Eyebrows were raised when Chelsea agreed a £15m deal to sign Ross Barkley from Everton in the January transfer window, and the first few months of the midfielder’s career in west London did little to dispel the sense that this would go down as a poor signing. The 24-year-old made just two starts in the Premier League under Antonio Conte, and although his absence could partly be explained by injuries, many felt he had a made a mistake in moving to Stamford Bridge.
It is still early days in 2018/19, of course, but the early signs are that Barkley does in fact have plenty to offer in the capital. While not part of Maurizio Sarri’s first-choice midfield three, the ex-Toffee has still played 280 minutes in the top tier this term – including 81 in his third start of the campaign in Sunday’s 3-0 victory over Southampton. Barkley was excellent on the south coast, brilliantly setting up Eden Hazard’s first-half opener and then getting his own name on the scoresheet shortly before the hour mark.
“I would say Sarri’s philosophy has helped me a lot because over the years I haven’t been coached much and I am at an age now where I understand football a lot more,” the midfielder said last week. “I know how important it is to take different tactics from different managers on board. I feel like I am ready to understand every aspect of the game.
“When I broke into the Everton side under Roberto Martinez I was playing in the No. 10 role and I had never played there before, so I was getting used to that role as a first-team player. But usually I was a No. 8. Before I broke my leg I was a deep-lying midfield player, so I have always been a central midfielder, either in a two or a three. Now I am in a three and I feel really comfortable with that.”
Barkley turned in some terrific performances during his Everton days, but it always felt as if something was missing – which brings to mind Arrigo Sacchi’s comments on Steven Gerrard a decade ago.
“When I was director of football at Real Madrid I had to evaluate the players coming through the youth ranks,” the legendary Italian boss told the Sunday Telegraph in 2008. “We had some who were very good footballers. They had technique, they had athleticism, they had drive, they were hungry.
“But they lacked what I call knowing-how-to-play-football. They lacked decision-making. They lacked positioning. They didn’t have the subtle sensitivity of football: how a player should move within the collective. And for many, I wasn’t sure they were going to learn.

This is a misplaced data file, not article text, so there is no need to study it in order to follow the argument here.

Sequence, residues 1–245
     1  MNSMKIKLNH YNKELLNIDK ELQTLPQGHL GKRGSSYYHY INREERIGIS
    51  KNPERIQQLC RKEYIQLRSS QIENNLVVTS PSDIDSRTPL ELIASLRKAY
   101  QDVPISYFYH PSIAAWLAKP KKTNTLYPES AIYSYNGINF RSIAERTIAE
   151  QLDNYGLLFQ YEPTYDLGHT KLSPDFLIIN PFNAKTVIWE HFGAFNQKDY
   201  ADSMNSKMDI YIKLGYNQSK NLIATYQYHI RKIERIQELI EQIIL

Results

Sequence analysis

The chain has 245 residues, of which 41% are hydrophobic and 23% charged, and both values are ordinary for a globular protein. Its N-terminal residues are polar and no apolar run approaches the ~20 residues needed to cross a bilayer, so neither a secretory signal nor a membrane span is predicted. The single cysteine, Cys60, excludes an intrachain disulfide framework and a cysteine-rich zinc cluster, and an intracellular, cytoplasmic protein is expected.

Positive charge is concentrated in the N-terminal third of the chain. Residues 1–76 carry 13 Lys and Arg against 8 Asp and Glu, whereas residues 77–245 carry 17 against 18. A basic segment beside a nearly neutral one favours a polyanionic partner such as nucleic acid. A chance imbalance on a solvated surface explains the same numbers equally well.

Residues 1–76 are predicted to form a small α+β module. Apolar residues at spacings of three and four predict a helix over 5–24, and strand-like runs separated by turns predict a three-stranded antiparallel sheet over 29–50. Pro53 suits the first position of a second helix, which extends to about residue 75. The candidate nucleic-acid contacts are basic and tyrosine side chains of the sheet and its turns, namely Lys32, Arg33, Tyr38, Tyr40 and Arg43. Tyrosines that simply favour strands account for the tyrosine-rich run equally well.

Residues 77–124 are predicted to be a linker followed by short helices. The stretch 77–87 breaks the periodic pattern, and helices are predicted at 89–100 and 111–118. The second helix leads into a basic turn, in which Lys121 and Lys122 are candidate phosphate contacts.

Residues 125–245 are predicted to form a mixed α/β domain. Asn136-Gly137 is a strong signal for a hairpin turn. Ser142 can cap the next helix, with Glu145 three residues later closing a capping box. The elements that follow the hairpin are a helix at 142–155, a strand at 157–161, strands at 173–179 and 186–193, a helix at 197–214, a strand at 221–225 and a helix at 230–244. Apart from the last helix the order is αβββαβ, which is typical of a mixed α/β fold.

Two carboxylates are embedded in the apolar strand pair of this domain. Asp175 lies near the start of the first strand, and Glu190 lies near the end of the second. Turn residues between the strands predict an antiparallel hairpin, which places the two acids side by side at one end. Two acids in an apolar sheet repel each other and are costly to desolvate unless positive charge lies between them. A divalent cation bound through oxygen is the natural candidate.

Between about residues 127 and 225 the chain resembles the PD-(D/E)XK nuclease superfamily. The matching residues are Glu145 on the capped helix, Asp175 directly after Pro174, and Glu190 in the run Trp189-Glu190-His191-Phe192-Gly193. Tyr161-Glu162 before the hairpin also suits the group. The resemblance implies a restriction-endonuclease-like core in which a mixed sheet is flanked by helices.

“You see, strength, passion, technique, athleticism – all of these are very important. But they are a means to an end, not an end in itself. They help you reach your goal, which is putting your talent at the service of the team and, by doing this, making both of you and the team greater.
“In situations like that, I just have to say, Gerrard’s a great footballer, but perhaps not a great player.”
Whether or not Sacchi’s assessment of the former Liverpool captain is fair or not is a debate for another day, but similar comments could have been applied to Barkley during his own time on Merseyside. While no one has ever doubted the England international’s natural ability, his tactical understanding and reading of the game have frequently been criticised.
As Barkley admits, though, perhaps he just needed some proper coaching. Like Alex Oxlade-Chamberlain, who swapped Arsenal for Liverpool in summer 2017, the Chelsea man has become a more polished player in recent times. He has demonstrated a better understanding of the game and is becoming more of a consistent performer, someone who can influence matches in ways other than simply smashing home a 30-yard strike now and again.
“Potentially he is a great player,” Sarri told reporters in his post-match press conference on Sunday. ”He has quality, very important ones in the physical and technical [aspects], now he is improving in the tactical point of view. He can be a very important player in England and for the national team.
“I am very happy with the goal and assist for him. I am very happy with him, he is improving all the time. I spoke to him from the first day that he has great physical and technical quality. Now he has improved.”
That improvement has plenty to do with Sarri himself, with the Italian having helped smooth out some of the midfielder’s rough edges. Barkley has always been a supremely gifted footballer; now he is becoming an effective player too.